The hydrological monitoring carried out in Manchester, Wroclaw and Valencia has provided strong evidence for the ability of NbS features to reduce urban runoff. In addition to flood protection, the project also provides other benefits, including improving air and water quality, increasing biodiversity and enhancing community cohesion and active lifestyles.
Located in the neighbourhood of West Gorton, the park was the culmination of a ten-year, multi-million-pound regeneration programme for this area and provides a much-needed green space in an area bounded between two main arterial routes around Manchester, and a railway line.
The 'sponge park' aligns directly with the high-level ‘Our Manchester’ city vision, which includes that Manchester should be ‘a liveable and zero carbon city’. It also delivers a key objective of the City’s Green Infrastructure Plan – to deliver high-quality, functional green spaces.
The project commenced in Spring 2017 as part of the EU’s GrowGreen project, Following the project kick-off, Manchester City Council began two procurement processes; partnering with BDP as the Landscape Architect, and with Groundwork leading on community engagement. Facilitated by Groundwork, the co-creation process commenced in autumn 2017, with final designs completed in 2018. MCC then procured ID-Verde as the construction partner. There was some delay during this period, as some contractors were unable to provide the specialist SUDs installation skills required. The build aspect of the project took seven months to complete, with around a month’s delay due to the onset of Covid-19 in March 2020.
Whilst on site, the project required close supervision by the University of Manchester to ensure that the SUDs features and associated monitoring equipment, were correctly installed.
Following completion on site, the University of Manchester commenced a two-year monitoring period, before presenting results to the EU at the culmination of the GrowGreen project in 2022.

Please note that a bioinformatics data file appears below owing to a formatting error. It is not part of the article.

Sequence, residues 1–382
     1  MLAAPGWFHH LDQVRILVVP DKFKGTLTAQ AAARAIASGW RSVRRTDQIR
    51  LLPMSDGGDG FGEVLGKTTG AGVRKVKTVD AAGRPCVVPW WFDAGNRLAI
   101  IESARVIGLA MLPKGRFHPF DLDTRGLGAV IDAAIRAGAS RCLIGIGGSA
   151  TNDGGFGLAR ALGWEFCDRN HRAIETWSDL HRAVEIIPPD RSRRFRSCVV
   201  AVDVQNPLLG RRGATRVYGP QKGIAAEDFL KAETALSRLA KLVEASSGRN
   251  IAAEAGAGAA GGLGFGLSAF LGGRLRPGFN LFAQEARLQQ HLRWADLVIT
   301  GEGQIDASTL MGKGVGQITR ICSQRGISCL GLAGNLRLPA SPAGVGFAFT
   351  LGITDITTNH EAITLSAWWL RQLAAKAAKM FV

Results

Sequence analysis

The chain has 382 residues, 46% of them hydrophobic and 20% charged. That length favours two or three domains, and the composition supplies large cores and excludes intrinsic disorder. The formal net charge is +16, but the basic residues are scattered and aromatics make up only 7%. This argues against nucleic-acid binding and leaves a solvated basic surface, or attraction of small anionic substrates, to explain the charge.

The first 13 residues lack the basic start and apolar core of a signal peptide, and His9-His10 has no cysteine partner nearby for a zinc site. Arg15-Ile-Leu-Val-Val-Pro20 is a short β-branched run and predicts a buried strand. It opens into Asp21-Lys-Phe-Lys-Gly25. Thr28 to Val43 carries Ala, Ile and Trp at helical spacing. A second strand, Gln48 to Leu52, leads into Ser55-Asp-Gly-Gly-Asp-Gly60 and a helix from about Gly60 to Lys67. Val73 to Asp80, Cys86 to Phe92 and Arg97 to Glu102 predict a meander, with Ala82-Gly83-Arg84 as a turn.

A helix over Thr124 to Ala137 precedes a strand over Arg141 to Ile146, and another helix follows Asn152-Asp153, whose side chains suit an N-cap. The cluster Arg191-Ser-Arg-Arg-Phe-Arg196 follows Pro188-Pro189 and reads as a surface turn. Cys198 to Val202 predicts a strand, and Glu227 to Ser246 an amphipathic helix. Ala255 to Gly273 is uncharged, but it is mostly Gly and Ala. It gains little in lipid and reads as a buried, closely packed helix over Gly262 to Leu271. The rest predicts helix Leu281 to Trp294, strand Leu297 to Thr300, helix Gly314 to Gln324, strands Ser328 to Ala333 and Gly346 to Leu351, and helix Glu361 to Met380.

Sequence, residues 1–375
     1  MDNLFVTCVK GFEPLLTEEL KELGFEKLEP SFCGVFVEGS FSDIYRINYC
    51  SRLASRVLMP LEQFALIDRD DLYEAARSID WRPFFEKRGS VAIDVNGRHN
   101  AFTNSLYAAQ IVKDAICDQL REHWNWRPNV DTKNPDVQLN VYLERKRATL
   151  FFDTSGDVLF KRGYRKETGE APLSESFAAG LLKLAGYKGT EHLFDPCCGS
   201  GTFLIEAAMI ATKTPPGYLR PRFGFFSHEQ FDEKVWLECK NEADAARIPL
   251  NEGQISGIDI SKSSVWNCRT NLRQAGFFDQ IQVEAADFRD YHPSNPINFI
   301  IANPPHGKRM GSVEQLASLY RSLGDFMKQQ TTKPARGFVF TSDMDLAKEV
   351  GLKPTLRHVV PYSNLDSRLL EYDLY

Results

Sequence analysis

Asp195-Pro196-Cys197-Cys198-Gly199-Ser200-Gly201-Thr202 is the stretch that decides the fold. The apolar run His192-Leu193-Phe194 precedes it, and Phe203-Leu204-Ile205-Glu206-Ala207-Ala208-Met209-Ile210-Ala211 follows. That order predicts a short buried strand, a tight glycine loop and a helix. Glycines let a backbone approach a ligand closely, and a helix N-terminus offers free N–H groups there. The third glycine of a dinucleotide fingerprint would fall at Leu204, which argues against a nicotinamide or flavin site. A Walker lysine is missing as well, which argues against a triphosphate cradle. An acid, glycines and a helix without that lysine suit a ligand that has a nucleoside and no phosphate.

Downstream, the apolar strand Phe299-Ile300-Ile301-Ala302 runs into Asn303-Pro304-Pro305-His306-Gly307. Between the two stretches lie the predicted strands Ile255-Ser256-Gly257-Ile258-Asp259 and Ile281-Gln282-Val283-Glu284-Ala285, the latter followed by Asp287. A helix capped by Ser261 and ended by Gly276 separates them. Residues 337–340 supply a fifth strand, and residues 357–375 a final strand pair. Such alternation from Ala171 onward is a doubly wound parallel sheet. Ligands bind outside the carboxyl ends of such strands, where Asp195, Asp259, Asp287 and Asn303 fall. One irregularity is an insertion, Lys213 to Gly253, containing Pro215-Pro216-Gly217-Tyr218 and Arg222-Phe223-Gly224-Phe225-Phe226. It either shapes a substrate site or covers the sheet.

The park was funded by the GrowGreen EU Horizon 2020 Research and Innovation project. The EU project consortium consisted of two other ‘pilot’ cities in Valencia and Wroclaw, alongside three ‘follower cities’ – Modena, Zadar and Brest, as well as technical consultancy Technalia, international nature conservancy body IUCN and environmental economists Trinomics.
In Manchester, the project team consisted of Manchester City Council, Manchester Climate Change Agency, Guinness Housing Group, Greater Manchester Combined Authority and the University of Manchester. The park was designed by BDP and Arup, with the community engagement led by Groundwork. This role was key, to ensure the involvement in co-design by local people. Several consultation sessions were held before and during the design process, with residents able to comment on each design iteration.
The construction was carried out by ID Verde, whilst the monitoring and impact evaluation was done by The University of Manchester, GMCA and Trinomics.
Within the City Council, numerous departments were involved. The park construction was led by the team responsible for the wider West Gorton programme of regeneration, with Capital Programmes supporting project management. Also vital to the design and implementation process were Parks, Highways and Neighbourhood teams, alongside local Members and the Executive Member for Climate and Environment.
The park has been formally adopted by Manchester City Council and is maintained by the City Council’s Parks Department. Following the completion of the GrowGreen project Groundwork were successful in securing funding to continue to work with the people of West Gorton, via a ‘community hubs’ approach. This continued engagement is supporting the ‘Friends of West Gorton Park’ group established during the project, who now hold regular well-attended events at the park and have taken full ownership of the community planters located on site.
Since the park opened in 2020, visits to the Park have provided inspiration for organisations such as DEFRA and the Environment Agency, as well as for visitors from beyond the UK.